Actor Michael Douglas, a longtime friend and frequent subject for Walters' interviews, also dropped by for the tribute, which airs Friday on ABC at 11 a.m. EDT.
Looking smart in a cream-colored blazer and a black skirt, the 84-year-old Walters was presiding over a studio audience of friends, colleagues and fans on hand to witness a bit of history.
Although she will retain a behind-the-scenes role as executive producer of the talk show she created 17 years ago, she is ending her daily on-air involvement, while limiting ABC News appearances to the occasional story or interview.
"I can't believe this day has come, and I can't believe it's for real," Clinton told Walters, who began her career on NBC's "Today" in 1962, then came to ABC in 1976, where her many duties ranged from co-anchoring "20/20" to hosting scores of specials as well as "The View."
Typically, Walters couldn't let Clinton get away without fielding the question on so many minds: Is she running for president in 2016?
"I am running," smiled Clinton. "Around the park."
A bit later, Douglas brought the subject up again with Walters.
"If Hillary runs," he said, "I bet you'd be a great vice president."
Some of the best moments happened during commercial breaks, never to be seen by viewers. Then audience members could snap photos and interact with Walters and her co-panelists (Whoopi Goldberg, Sherri Shepherd and Jenny McCarthy). At one point Walters, spying the New York Knicks' J.R. Smith in the stands, broke up the room by telling him that, now, with retirement, "I just want you to know I'm buying the Clippers."
The audience erupted at the sight of Winfrey, who told Walters, "You're the reason I wanted to be in television."
"You shattered the glass ceiling for so many women," said Winfrey, who then brought on a startling parade of them, some two dozen prominent on-air women including Diane Sawyer, Katie Couric, Robin Roberts, Gayle King, Connie Chung and Joan Lunden.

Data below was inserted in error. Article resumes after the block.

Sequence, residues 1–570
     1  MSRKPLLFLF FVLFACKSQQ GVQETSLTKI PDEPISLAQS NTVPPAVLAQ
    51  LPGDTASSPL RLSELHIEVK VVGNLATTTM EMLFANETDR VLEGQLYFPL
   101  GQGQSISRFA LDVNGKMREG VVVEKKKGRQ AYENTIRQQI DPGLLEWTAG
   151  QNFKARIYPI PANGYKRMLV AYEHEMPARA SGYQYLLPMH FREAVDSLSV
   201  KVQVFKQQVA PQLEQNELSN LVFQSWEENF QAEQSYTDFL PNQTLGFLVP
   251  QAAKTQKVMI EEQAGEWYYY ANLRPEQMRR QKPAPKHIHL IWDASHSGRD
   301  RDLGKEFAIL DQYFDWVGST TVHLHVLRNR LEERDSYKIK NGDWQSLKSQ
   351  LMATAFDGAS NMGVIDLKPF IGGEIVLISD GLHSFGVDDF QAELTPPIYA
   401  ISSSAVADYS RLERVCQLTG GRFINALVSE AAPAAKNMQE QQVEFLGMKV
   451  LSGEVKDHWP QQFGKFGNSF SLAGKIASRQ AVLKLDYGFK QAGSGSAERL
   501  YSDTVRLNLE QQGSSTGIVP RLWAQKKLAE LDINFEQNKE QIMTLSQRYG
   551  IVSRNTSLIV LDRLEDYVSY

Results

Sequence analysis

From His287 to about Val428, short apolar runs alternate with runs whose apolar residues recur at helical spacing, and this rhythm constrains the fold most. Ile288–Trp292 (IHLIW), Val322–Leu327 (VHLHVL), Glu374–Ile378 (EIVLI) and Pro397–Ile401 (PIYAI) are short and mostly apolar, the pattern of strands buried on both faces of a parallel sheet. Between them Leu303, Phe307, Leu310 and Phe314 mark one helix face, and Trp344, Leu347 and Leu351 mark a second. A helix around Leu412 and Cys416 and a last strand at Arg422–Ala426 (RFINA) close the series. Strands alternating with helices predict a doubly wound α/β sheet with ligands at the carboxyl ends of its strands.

"You are my legacy," Walters, visibly moved, said to them as they crowded around her onstage.
The hour had its comic twist: In a pre-taped segment, Walters (who, after all, has interviewed everybody else) lobbed some questions at herself, in the person of former "Saturday Night Live" player Cheri Oteri doing a spot-on Walters imitation.
Barbara asked faux-Barbara what she plans to do in retirement, drawing the response that she means to do some things she never had time for in the past. For example: "I'd like to get a Costco card."
Walters brought the hour to a close with a heartfelt statement looking back with amazement on her career, then signing off with a pledge to "take a deep breath and enjoy my 'View.'"
But a more telling moment took place during a break, as the throng of women she had paved the way for posed with her for a group portrait. It was a remarkable tableau.
"I have to remember this on the bad days," Walters said quietly, "because this is the best."
EDITOR'S NOTE — Frazier Moore is a national television columnist for The Associated Press. He can be reached at firstname.lastname@example.org and at http://www.twitter.com/tvfrazier. Past stories available at http://bigstory.ap.org/content/frazier-moore